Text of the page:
[tor-reports] October 2014 Report for the Tor Browser Team
mikeperry at torproject.org
Tue Nov 4 07:53:47 UTC 2014
In October, the Tor Browser team made two releases: 4.0, and 4.0.1[1,2].
The 4.0 release marked the stabilization of our 4.0-alpha series, as
well as the transition to Firefox 31ESR. The new UI is quite a bit more
streamlined than the old Tor Browser, owing to Firefox's new Australis
layout, as well as our improved ability to customize this layout. The
release also featured fingerprinting fixes and
improvements[4,5,6,7,8,9], defense-in-depth checks for proxy safety,
and disabled SSLv3 to prevent the POODLE attack. We were also able
to enable WebGL on Windows in this release (though it is still
click-to-play via NoScript). The full set of tickets that went into this
Firefox 31 rebase can be found using the ff31-esr tag in our bug
tracker. Full changelogs for the 4.0 series are also on the blog
However, this transition was a little bumpier than we would have liked.
In particular, a Windows crash bug due to our Windows cross-compiler
caused us to have to release 4.0.1 shortly afterwords.
We also updated the Tor Browser design document to cover the 4.0
series, describe our build reproducibility enhancements, and update
the list of fingerprinting attacks and defenses. We've also
discussed private browsing mode standardization with some members of
the W3C, and will be sending interested W3C people the updated design
The remainder of the month was spent preparing 4.5-alpha-1, which
unfortunately only just barely didn't make it out in October. For this
release, we deployed SOCKS username and password support to isolate all
requests for a url bar domain on the same Tor circuit, implemented a
browser UI for displaying the current circuit and exit IP address,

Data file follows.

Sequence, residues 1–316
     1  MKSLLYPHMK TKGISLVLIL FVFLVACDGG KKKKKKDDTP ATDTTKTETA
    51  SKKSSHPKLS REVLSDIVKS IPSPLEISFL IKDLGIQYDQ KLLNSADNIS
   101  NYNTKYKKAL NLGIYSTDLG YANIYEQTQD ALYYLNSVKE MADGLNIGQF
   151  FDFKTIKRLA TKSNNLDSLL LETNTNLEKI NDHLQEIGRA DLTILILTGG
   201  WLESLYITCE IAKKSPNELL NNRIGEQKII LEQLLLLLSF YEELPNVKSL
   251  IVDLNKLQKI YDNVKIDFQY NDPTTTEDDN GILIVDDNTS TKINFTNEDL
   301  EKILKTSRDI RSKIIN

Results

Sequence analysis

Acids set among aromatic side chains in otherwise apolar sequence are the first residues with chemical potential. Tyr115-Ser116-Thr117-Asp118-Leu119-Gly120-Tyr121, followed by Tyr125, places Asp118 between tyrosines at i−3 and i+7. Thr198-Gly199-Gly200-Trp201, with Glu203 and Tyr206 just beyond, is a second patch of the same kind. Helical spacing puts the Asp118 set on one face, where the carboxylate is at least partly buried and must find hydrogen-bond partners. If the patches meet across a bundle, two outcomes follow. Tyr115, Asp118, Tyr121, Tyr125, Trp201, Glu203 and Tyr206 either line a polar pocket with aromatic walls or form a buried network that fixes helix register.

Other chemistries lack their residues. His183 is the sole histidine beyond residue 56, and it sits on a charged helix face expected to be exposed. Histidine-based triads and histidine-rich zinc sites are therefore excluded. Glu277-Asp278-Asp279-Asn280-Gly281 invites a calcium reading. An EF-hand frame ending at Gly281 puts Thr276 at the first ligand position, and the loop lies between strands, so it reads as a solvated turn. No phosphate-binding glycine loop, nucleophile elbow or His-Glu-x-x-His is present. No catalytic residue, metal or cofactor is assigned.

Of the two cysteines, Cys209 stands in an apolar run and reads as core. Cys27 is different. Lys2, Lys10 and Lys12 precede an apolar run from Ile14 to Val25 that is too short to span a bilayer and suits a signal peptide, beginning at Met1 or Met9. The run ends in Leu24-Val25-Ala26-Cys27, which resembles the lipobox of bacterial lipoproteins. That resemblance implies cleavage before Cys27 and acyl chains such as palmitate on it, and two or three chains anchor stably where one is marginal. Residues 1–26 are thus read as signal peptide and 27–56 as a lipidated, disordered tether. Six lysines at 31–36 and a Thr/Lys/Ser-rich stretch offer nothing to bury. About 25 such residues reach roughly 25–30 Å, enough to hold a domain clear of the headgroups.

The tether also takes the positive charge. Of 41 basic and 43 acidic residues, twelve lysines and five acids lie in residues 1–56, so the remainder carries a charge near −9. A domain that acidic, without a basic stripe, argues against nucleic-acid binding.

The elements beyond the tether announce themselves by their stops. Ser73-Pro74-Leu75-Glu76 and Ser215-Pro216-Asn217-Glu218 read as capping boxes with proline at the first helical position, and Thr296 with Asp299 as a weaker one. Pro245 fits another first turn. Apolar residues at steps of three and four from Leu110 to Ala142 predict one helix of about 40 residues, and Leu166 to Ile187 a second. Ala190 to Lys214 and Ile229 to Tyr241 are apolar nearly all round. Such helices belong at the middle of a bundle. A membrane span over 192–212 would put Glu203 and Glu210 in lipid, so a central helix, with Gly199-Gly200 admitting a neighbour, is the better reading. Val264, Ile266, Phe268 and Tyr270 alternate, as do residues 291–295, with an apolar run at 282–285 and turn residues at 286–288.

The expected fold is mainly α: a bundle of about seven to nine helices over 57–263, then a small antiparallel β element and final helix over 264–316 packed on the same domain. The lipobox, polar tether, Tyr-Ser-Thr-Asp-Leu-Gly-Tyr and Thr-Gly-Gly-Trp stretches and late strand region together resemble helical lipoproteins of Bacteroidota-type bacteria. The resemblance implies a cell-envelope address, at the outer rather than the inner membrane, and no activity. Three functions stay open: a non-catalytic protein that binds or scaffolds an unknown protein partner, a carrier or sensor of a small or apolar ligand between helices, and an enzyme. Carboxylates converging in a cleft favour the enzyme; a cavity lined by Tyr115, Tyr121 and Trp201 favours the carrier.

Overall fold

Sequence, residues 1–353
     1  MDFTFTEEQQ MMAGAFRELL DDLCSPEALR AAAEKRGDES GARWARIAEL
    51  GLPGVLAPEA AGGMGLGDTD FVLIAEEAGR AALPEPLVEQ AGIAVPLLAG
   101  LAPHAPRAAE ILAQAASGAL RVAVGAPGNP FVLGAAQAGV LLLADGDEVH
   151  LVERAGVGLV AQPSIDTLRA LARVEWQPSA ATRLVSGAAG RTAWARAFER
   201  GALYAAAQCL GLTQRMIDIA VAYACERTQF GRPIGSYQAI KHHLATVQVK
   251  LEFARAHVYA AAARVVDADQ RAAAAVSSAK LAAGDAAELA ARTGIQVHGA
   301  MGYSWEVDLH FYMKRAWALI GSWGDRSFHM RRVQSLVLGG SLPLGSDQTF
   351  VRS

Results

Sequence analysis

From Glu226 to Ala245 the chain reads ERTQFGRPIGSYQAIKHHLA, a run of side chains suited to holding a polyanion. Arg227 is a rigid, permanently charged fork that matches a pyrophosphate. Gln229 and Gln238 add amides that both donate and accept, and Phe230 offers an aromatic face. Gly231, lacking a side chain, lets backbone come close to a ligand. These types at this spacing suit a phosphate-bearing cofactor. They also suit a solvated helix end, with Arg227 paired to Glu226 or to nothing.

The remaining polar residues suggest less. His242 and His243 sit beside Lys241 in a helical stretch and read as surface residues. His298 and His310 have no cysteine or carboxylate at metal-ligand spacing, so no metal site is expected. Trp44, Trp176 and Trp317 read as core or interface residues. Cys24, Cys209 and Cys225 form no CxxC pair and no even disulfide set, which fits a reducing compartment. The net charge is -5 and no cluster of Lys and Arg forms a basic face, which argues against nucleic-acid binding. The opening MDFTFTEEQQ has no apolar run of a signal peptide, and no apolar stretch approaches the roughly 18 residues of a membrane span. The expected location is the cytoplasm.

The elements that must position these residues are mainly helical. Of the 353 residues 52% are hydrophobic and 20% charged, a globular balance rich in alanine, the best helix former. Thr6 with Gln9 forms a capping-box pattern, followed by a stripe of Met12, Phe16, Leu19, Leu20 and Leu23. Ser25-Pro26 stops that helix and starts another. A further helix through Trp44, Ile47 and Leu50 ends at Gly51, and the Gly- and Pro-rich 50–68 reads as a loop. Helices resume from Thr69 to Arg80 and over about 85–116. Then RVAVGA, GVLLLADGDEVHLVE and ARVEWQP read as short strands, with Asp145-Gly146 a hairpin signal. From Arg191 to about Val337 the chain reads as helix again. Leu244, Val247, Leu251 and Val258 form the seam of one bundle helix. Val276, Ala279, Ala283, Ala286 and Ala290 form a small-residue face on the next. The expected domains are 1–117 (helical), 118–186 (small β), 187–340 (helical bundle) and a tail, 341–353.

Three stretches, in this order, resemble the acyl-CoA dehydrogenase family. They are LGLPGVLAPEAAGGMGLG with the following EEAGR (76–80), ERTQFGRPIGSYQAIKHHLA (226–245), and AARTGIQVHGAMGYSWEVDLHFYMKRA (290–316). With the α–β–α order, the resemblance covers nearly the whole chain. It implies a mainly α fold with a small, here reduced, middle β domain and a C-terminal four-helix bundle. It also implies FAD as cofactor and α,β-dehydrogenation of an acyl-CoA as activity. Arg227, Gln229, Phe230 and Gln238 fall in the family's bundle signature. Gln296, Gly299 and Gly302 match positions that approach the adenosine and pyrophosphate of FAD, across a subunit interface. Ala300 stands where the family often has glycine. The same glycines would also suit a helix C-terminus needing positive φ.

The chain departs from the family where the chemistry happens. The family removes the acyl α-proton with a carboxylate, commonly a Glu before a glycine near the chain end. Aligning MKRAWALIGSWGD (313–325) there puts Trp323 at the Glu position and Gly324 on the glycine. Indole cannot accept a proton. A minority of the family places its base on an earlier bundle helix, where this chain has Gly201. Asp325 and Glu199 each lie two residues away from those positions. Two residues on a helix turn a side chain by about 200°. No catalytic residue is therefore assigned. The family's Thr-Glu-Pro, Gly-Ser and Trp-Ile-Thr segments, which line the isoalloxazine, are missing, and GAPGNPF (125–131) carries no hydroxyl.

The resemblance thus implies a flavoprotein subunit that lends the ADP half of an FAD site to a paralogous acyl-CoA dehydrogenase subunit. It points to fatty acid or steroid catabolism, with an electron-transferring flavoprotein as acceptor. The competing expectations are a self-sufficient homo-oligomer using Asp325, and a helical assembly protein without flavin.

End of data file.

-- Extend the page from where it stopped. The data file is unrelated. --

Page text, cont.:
implemented the Security Slider, backported HTTPS certificate pinning
support, switched to 64 bit builds for Mac OS X, integrated the
new obs4proxy pluggable transport, added (reproducible) incremental
update support to reduce update download size (from ~40M down to
2M), fixed an updater issue with our extension compatibility
checks, and fixed a locale fingerprinting issue.
We also performed an experiment to test Mozilla Persona, to
determine if we could easily adapt it to serve as a mechanism to
anonymously prove that users had completed a captcha or some other
proof-of-scarcity. Unfortunately, it seems as though Mozilla has left
the system in a rather unusable state for us. In an attempt to drive
adoption, they made two implementations: A "legacy" version using
version using code in Firefox. Unfortunately, the so-called legacy
non-Firefox implementation appears to be incompatible with the native
implementation, at least to the point where all sites that currently use
Persona would have to upgrade to new code written by us, as well as new
user-facing behavior. In short, if we were to try to make use of
Persona, we'd have to choose either compatibility or privacy, and could
not have both. This (coupled with the recent "community support" status
of Persona) has led us to conclude that we would be better off
pursuing other options.
The full list of tickets closed by the Tor Browser team in October can
be seen using the TorBrowserTeam201410 tag on our bug tracker.
In November, we will focus on stabilizing 4.5-alpha, work on supporting
per-file signatures on our updates, work on fixing remaining bugs
with our updater[32,33,34], and will continue updating all of our
patches and adding unit tests in the Mozilla bug tracker. We also
hope to set up an auto-rebased branch for use with the official Mozilla
testing infrastructure, to help ensure our patches continue to pass unit
tests and to avoid surprise conflicts and regressions.
The full list of tickets that the Tor Browser team plans to work on in
November can be seen using the TorBrowserTeam201411 tag on our
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